Gas infrastructure in Austria

The Austrian gas grid is a historically grown system which, due to its location, represents a central hub for the distribution of gas in Europe.

The Austrian gas grid consists of different pipeline levels:

  • Transmission pipelines for the import and export of gas by means of high-pressure pipelines.
  • Level 1 distribution pipelines for the supra-regional transport of gas in Austria
  • Level 2 and 3 distribution pipelines for regional distribution to end customers.

In addition to the transmission and distribution grid, gas storage facilities with more than 97 TWh of storage capacity and natural gas and biomethane production plants are also key parts of Austria's gas infrastructure.

The Austrian gas grid

The Transmission grid

The Austrian transmission network only runs through the Market area East and comprises approx. 2,000 km of high-pressure pipelines. The Trans Austria Gasleitung (TAG) and the West Austria Gasleitung (WAG) form the main axes in the Austrian transmission system.

AGGM is responsible for coordinating network control as well as network and balancing energy management in the transmission network.

The Austrian Distribution network

The Austrian Distribution network covers all market areas (East, Tyrol and Vorarlberg) and has a total length of approx. 44,000 km.

Level 1 distribution pipelines are used for supra-regional gas transport and large-scale customer supply. Gas storage facilities are connected to the Level 1 distribution pipeline network. As the distribution area manager, AGGM is responsible for controlling the Level 1 distribution network.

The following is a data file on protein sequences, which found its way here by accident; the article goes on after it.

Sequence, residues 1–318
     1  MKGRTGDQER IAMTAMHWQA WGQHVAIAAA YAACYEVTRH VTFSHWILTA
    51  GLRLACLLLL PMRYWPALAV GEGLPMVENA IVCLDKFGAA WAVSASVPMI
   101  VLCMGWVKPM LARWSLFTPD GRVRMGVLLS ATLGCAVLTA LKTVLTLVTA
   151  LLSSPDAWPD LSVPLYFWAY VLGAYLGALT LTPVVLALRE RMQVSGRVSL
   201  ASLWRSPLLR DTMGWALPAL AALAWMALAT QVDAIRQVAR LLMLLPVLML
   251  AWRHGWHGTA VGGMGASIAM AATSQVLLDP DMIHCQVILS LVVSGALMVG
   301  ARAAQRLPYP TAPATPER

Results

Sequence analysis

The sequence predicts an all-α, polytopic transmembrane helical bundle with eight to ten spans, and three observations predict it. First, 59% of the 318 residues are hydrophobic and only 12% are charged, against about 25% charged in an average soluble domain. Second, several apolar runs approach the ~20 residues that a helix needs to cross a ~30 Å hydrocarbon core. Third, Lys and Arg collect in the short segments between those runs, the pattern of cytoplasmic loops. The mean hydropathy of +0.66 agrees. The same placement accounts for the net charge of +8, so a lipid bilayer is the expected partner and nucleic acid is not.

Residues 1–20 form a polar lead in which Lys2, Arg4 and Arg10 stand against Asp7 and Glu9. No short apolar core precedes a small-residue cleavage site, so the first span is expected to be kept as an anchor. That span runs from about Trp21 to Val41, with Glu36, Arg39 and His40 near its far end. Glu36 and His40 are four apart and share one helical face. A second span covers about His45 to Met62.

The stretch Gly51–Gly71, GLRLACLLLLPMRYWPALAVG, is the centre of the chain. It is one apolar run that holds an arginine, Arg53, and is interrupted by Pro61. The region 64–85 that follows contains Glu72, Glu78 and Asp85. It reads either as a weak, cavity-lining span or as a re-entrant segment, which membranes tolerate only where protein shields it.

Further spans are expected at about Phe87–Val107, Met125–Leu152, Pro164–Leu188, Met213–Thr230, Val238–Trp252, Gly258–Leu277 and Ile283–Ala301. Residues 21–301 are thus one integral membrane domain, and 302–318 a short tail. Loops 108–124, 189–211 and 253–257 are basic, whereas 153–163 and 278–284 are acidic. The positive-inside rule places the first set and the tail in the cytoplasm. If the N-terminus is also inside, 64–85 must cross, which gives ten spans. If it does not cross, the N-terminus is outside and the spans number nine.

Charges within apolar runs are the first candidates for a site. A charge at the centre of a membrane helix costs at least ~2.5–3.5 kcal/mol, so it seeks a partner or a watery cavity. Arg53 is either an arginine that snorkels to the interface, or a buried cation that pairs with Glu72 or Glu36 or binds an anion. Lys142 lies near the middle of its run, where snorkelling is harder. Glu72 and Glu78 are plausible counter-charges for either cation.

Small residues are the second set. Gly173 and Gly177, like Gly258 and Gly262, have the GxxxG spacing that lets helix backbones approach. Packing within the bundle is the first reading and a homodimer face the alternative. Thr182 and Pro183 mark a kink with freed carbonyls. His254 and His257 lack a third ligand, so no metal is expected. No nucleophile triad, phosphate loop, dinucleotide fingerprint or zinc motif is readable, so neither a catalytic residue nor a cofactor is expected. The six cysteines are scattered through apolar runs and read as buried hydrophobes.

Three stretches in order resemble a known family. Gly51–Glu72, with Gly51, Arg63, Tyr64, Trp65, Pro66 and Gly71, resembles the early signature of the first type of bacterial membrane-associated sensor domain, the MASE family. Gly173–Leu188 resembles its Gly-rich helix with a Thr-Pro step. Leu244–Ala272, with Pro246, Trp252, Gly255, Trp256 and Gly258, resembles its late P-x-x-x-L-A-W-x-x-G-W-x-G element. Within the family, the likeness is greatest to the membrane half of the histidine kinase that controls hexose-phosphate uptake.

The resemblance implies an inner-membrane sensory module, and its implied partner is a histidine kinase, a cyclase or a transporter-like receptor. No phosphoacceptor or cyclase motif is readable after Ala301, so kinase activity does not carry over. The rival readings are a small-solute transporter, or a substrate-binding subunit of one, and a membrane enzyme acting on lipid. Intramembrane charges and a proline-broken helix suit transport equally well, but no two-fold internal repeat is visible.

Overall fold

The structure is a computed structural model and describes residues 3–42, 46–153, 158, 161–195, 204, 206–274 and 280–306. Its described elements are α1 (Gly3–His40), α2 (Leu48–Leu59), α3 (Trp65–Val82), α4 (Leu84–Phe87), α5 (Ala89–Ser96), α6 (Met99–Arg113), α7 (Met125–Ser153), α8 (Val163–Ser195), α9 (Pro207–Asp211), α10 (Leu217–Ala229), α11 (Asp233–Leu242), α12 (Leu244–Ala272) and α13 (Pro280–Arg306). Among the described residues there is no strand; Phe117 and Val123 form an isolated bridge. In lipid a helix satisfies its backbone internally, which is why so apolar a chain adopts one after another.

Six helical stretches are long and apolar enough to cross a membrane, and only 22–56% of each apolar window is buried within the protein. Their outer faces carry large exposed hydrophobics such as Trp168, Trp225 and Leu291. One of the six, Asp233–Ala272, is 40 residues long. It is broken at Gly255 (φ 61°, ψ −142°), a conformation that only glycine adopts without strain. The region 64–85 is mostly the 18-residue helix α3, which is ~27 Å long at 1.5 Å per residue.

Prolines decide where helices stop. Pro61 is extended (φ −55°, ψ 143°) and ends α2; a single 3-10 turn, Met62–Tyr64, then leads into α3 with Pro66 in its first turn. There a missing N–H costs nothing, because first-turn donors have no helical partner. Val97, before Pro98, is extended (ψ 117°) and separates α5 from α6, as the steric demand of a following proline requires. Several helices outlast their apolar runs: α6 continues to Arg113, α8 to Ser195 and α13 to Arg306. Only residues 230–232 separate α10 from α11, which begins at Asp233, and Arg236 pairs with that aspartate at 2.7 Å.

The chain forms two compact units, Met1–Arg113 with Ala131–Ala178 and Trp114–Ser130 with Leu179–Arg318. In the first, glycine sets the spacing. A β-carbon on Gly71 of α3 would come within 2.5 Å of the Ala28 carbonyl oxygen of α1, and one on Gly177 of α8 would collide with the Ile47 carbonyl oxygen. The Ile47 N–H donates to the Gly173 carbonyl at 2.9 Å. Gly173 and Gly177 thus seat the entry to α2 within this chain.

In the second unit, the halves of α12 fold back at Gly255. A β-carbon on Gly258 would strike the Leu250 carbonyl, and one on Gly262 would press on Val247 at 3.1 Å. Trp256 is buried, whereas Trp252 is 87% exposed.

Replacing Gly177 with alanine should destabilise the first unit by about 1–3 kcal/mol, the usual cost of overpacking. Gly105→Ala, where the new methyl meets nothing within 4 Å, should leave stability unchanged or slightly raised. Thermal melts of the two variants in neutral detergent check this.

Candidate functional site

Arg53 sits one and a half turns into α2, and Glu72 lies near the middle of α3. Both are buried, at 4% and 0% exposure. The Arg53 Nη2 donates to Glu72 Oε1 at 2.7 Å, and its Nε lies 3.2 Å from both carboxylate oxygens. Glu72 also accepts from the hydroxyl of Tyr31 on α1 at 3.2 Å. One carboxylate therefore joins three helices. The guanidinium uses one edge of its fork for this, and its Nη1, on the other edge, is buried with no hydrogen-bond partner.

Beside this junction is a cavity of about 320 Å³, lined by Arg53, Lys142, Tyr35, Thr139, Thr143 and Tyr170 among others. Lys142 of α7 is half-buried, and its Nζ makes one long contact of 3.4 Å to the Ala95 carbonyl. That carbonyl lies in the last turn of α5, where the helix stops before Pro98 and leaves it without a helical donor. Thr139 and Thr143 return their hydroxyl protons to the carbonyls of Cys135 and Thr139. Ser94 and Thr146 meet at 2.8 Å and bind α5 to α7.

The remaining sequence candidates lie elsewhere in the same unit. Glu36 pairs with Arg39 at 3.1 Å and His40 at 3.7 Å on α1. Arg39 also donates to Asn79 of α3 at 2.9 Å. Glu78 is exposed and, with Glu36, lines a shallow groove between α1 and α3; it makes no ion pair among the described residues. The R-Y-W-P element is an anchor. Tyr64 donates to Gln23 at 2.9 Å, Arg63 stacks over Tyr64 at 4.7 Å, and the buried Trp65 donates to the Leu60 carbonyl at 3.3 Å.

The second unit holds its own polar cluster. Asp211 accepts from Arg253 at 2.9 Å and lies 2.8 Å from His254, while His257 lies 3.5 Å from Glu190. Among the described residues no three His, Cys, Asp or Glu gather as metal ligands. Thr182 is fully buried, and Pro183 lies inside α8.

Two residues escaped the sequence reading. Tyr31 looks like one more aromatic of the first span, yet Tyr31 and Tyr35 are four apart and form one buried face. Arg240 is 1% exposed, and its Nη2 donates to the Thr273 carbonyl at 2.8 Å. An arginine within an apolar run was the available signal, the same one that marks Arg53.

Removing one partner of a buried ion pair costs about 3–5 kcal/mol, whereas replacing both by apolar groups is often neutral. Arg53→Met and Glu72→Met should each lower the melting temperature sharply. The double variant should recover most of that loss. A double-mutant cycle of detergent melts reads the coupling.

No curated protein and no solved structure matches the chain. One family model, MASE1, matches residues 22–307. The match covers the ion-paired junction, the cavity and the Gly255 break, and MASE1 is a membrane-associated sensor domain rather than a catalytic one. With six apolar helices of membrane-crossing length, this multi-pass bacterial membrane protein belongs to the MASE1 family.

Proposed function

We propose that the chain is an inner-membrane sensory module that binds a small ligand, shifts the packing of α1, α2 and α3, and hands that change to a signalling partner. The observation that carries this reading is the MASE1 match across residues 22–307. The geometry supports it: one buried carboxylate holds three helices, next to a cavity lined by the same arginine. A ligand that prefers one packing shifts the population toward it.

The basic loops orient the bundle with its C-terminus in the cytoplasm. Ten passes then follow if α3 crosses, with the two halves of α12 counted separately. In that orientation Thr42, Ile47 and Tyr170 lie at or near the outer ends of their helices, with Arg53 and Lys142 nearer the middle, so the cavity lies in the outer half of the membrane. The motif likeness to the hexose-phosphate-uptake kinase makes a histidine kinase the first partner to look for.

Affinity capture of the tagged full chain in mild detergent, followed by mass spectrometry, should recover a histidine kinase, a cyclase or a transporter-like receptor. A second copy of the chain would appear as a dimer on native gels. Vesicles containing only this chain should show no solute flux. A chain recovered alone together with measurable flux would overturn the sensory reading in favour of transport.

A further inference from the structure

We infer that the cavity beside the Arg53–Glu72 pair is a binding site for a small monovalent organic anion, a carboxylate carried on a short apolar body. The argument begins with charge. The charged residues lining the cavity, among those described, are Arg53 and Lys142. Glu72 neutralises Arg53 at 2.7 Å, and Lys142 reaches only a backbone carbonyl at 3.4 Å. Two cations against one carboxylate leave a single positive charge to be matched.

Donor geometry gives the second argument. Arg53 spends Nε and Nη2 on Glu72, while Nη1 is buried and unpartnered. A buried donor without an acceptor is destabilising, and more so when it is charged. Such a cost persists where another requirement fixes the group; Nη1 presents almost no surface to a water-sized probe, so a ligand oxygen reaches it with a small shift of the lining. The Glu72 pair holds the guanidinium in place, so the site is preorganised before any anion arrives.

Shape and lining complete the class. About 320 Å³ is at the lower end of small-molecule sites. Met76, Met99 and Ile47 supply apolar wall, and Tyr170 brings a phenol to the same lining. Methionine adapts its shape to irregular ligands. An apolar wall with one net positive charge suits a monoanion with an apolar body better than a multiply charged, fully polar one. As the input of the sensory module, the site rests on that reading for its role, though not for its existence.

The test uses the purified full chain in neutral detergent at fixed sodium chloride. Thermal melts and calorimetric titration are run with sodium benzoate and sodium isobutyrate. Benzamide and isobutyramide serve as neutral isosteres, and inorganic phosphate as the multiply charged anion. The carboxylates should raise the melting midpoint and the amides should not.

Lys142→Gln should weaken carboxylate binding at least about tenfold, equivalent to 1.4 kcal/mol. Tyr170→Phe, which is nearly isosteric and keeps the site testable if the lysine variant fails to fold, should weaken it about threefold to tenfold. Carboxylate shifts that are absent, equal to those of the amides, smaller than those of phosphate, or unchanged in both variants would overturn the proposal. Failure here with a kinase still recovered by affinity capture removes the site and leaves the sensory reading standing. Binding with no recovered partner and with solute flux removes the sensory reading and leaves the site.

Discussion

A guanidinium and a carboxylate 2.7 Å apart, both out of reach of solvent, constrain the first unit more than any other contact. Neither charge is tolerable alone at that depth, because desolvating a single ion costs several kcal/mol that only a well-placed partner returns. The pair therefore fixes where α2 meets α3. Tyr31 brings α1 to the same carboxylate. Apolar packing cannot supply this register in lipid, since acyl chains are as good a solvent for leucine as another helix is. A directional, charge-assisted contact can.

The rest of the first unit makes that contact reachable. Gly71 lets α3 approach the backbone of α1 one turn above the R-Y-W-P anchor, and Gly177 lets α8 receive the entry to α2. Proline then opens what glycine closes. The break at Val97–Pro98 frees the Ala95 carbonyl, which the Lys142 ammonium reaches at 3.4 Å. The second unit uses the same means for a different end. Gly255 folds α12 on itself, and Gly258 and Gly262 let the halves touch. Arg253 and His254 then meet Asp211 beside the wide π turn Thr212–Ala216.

The distribution pipelines of level 2 and 3 supply end customers and companies with gas. The majority of end consumers are subsequently connected to the higher-ranking gas network via low-pressure pipeline systems. The pipelines of distribution network level 2 and 3 are controlled by the network operators.


Hydrogen transport in the Austrian gas network

The Austrian gas network has sufficient capacity for the future transport of renewable gases. Only 300 km of new gas pipelines need to be built so that hydrogen and methane can be transported in parallel in the future. The remainder will be made possible by repurposing 1,400 km of existing gas infrastructure.